The Organ


Daniel Roth plays the Great Organ of Saint-Sulpice, Paris

Daniel Roth is in fine fettle upon the mighty Cavaill-Coll Organ of Saint-Sulpice, Paris, with a chronological pattern, of sorts, containing French music stretching from the reign of Louis XIV to a champion of twentieth century organ music, Marcel Dupr.

Music by Guillaume-Gabriel Nivers (1632-1714) and Louis-Nicolas Clrambault (1676-1749) may seem at a loss with an instrument of this dimension in Saint-Sulpice but Roth is stylistically aware enough to allow the music much of its inherent majesty without overloading the lines at the expense of clarity.

Complimentary mixtures make Georges Schmitt's Offertoire in A an easy lay on the ear, each section testing the organ's subtler responses in Roth's skilful hands, the final episode building a nicely shaped tutti before Lefebure-Wely's much more contrasting Sortie in G minor fills one with notions of dance and nineteenth century joie de vivre.

Widor's Adagio, from Symphony No 8, is darkly painted, arousing the deeper Romantic psyche without getting too stuck in the mud with heavy textures that can all too easily bruise the ideas that ferment into bold reflective statements, which Roth delivers elegantly.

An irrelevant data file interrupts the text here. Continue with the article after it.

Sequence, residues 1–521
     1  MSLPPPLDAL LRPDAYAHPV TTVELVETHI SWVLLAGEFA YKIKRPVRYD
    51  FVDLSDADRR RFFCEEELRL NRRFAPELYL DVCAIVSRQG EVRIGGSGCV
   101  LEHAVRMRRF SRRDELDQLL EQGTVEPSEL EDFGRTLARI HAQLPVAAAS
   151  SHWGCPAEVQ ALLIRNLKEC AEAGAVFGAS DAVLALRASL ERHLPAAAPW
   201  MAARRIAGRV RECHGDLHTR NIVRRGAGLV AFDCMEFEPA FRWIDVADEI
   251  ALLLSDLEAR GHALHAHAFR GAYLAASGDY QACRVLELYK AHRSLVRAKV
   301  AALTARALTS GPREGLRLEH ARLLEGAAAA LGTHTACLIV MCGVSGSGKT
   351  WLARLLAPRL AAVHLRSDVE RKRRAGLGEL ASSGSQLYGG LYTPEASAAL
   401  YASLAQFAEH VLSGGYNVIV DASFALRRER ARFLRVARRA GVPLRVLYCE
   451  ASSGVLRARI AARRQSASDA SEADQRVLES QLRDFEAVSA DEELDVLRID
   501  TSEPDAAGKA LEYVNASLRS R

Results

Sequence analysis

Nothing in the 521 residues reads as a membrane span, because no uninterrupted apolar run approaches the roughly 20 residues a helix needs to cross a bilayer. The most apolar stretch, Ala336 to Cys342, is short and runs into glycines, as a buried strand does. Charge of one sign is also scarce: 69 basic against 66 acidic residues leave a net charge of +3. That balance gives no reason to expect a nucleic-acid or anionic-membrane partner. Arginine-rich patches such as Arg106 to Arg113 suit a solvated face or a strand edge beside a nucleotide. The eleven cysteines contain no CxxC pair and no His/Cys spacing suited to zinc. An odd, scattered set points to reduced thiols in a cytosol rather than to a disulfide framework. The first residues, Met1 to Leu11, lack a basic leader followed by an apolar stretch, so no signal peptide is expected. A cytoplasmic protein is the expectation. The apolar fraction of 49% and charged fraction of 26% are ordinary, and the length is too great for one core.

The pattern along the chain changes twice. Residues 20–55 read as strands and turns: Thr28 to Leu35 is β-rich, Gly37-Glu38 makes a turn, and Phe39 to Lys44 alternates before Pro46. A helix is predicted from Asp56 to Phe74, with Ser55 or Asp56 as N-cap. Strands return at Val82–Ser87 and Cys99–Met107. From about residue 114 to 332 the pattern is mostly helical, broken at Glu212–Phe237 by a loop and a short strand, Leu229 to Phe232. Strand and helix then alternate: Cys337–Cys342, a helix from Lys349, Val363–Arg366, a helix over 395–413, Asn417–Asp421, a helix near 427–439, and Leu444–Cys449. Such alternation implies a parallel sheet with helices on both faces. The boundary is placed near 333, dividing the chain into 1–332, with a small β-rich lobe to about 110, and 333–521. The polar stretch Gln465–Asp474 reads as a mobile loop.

A tribute is made to Jean-Jacques Grunenwald, the successor on this instrument to Dupr - it was two years after Grunenwald's death (1982) that the then Cardinal of Paris, Monsignor Lustiger, drew up a document allowing the Cur of the parish to keep his authority over the appointments to well known Parisian instruments. David Roth was appointed to Saint-Sulpice in 1985. To acknowledge his predecessor Roth finds three absorbing works covering a range of styles and influences from twentieth century notions, which certainly provoke encouragement to hear more of this composer.

Three of Daniel Roth's own compositions from his Livre d'Orgue pour le Magnificat give much insight into his own notions of Frenchness and piety. Simple structures and warm harmonic layers, convey much of the contrast found in the movements, complexity is no diversion here, the harmony there to please many an ear, yet it's mindset is firmly fixed in the modern idiom, his Gloria Patri releasing a majestic transfiguration in conclusion.

How better to end the disc than by the juxtaposition of Marcel Dupr's weighty Paraphrase sur le Te Deum, captured distinctly by Neil Collier and Richard Corser's soul-searching recording for Priory Records - on form as ever! DA